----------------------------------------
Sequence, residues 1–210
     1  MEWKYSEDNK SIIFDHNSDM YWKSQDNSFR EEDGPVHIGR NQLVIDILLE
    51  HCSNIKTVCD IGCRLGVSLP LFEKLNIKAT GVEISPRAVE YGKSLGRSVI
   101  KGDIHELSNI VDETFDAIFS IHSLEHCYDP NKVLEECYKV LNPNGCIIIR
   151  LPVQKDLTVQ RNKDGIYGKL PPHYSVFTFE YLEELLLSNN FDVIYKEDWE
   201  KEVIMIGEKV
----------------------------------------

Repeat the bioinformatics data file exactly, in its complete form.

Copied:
Sequence, residues 1–210
     1  MEWKYSEDNK SIIFDHNSDM YWKSQDNSFR EEDGPVHIGR NQLVIDILLE
    51  HCSNIKTVCD IGCRLGVSLP LFEKLNIKAT GVEISPRAVE YGKSLGRSVI
   101  KGDIHELSNI VDETFDAIFS IHSLEHCYDP NKVLEECYKV LNPNGCIIIR
   151  LPVQKDLTVQ RNKDGIYGKL PPHYSVFTFE YLEELLLSNN FDVIYKEDWE
   201  KEVIMIGEKV